(And), because the Lord was born here, the Lumbini village was made free from taxes andliable to pay (only) one-eighth part (of the produce)The Rummindei Edict, one of the Minor Pillar Edicts of Ashoka. (Japanese Buddhist Federation. 2001).
At the top of the pillar, there is a second inscription by king Ripu Malla, of the Nagaraja dynasty of western Nepal (13-14th century CE):
Om mani padme hum
May Prince Ripu Malla be long victorious~ Inscription of King Ripumalla on the Lumbini pillar of Ashoka,
Pushkarini, the sacred Pond
Mayadevi, the Queen of Shakya King Suddhodhana of Kapilvastu, while passing through the Lumbini Garden, on the day of Baishakha Purnima (full moon day of May) is believed to have taken a bath in Pushkarini (the Sacred pond) before giving birth to Prince Siddhartha (later became the Buddha). Some say, that also the infant was given his first purificatory bath in the pond.
The devotees are washing their face in the pond and some of them take water (jala) with them. It is also known that there are two wells with hot water and cold water supplying the pond. The terraced steps and layered bricks are from 1933-39. Pilgrims still have a dip here too, the turtles live there happily.
Ethnobotany: Sacred Bodhi Tree
Siddhartha Gautamas birth took place in an extensive Sal grove, the grove is no more, but several sacred Bodhi trees are planted near the pond in front of the Maya Devi temple.
It was under a Bodhi tree that Shakyamuni Buddha attained enlightenment, tradition says that after his Enlightenment, the Buddha stood for seven days gazing at the Bodhi Tree out of gratitude for the shelter it had given him.
Modern Buddhists still revere the pipal tree, Ficus religiosa, or Bo. That is why, it is planted near Buddhist temples and monasteries. Monks clothed with orange and yellow walk around it or sit in his shade, pilgrims recite prayers and meditate, birds sing. Pilgrims sought the Bodhi Tree’s seeds and leaves as blessings for their monasteries and homes.
The Bo trees host hundreds of prayer flags moving by the wind. They are said to promote peace, compassion, strength, and wisdom. Buddhists believe the prayers and mantras will be spread by the wind and bring benefit all beings. Prayer flags usually come in sets, with each flag in a different color to represent the elements:
- yellow for the earth,
- green for water,
- red for fire,
- white for clouds, and
- blue for sky.
MYTH: Bhikkhuni Sanghamitta Bringing the Bodhi Tree Sapling to Sri Lanka
Many sacred trees in India and other countries are originally raised from seeds brought from the ancient Bodh Gaya tree, that was destroyed in India, but survived in Sri Lanka.
A shoot of the original Bodhi tree was taken to Sri Lanka in the 3rd century B.C. by Bhikkhuni Sangamitta, the daughter of Ashoka. The Lankan king Devanampiyatissa planted it at the Mahavihara monastery in Anuradhapura where it still flourishes today. Saplings from this tree are planted in Buddhist temples and monasteries worldwide.
Buddha Jayanti at Lumbini
Buddha’s Birthday or Buddha Purnima is a ritual to commemorate the birth of Prince Siddhartha Gautama, later the Gautama Buddha and founder of Buddhism. At Lumbini- Buddhas birthplace is a special day, people celebrate the Festival of pouring water on the Bodhi tree, lighting butter candles and offering flowers and food.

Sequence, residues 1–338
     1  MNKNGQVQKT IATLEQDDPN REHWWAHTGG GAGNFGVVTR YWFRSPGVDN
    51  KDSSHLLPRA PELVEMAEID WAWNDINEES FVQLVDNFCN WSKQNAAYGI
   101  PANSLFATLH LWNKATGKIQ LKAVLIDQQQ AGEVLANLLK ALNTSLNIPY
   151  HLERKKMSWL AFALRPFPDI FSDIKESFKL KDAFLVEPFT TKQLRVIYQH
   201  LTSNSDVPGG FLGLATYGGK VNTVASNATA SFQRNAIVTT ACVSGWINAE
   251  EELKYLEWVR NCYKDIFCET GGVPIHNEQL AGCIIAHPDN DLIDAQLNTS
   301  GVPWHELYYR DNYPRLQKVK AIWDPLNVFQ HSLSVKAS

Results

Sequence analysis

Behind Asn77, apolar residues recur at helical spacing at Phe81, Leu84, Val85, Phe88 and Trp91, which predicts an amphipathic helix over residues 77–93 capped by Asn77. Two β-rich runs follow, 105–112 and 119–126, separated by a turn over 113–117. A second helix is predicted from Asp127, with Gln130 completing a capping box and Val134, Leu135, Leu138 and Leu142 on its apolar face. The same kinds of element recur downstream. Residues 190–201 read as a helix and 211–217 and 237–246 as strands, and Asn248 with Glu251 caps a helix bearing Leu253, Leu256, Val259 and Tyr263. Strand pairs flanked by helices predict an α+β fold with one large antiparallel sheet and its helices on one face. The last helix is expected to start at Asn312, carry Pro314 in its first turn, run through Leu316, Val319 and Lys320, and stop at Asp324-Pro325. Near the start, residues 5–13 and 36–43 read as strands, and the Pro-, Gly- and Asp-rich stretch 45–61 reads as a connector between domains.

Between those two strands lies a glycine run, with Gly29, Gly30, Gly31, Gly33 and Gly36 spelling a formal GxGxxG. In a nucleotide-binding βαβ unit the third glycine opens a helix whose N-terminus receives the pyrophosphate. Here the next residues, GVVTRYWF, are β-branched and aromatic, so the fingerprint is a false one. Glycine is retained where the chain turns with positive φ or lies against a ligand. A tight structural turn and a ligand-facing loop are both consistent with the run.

People, especially women, go to common Viharas (a monastery) to observe a rather longer-than-usual, full-length Buddhist sutra, as something like a service. The usual dress is pure white. Non-vegetarian food is normally avoided. Kheer, a sweet rice porridge is commonly served to recall the story of Sujata.
According to legend, Sujata, also Sujātā, was a milkmaid, who is said to have fed Gautama Buddha kheer- milk and rice, ending his seven years of fasting asceticism.
Pali tradition believes that every Buddha was offered milk-rice from some maiden just before his Enlightenment. For example, Vipassi Buddha accepted the milk-rice from Daughter-of-Sudassana-Setthi; Sikhi Buddha accepted it from Daughter-of-Piyadassi-Setthi; Vessabhu Buddha accepted the milk-rice from Sirivaddhana; Kakusandha Buddha accepted the milk-rice from a brahmin girl Vajirindha of the village Suchirindha; Konagamana from a Brahmin woman Aggisoma; and Kassapa Buddha from his wife Sunanda. Last in the list is Gotama Buddha, who accepted the milk-rice from Sujata.
Separating from the five monks with whom Gotama had undertaken several ascetic penances in Uruvela for the Enlightenment after having left his two gurus, namely, Alara Kalama and Uddaka Ramaputta, he sat under a banyan tree called the Ajapala Nigrodha. As he felt that the extreme austerities for the spiritual achievement was not a necessary condition to realise the spiritual goal, the natural human drive for the normal human food once again became operative in him. His desire was, however, fulfilled by a woman named Sujata, who offered him the milk-rice.
Sujata, a daughter of the landowner of the village Senani near Uruvela had once pledged that she would offer the milk-rice to the spirit of the tree if she gave birth to a son. As her wish was fulfilled she asked her maid Punna to visit the tree and prepare the place for offering. When Punna visited the place she saw Gotama sitting under the tree. She then mistook him to be the tree-deva and reported the matter to Sujata, who in a great joy reached the spot and offered him the milk-rice in a golden bowl.
Gotama accepted the bowl; walked to the river-bank; bathed in the Suppatthita; and then ate the food. This was his only meal after the gap of forty-nine days.— Some say seven years.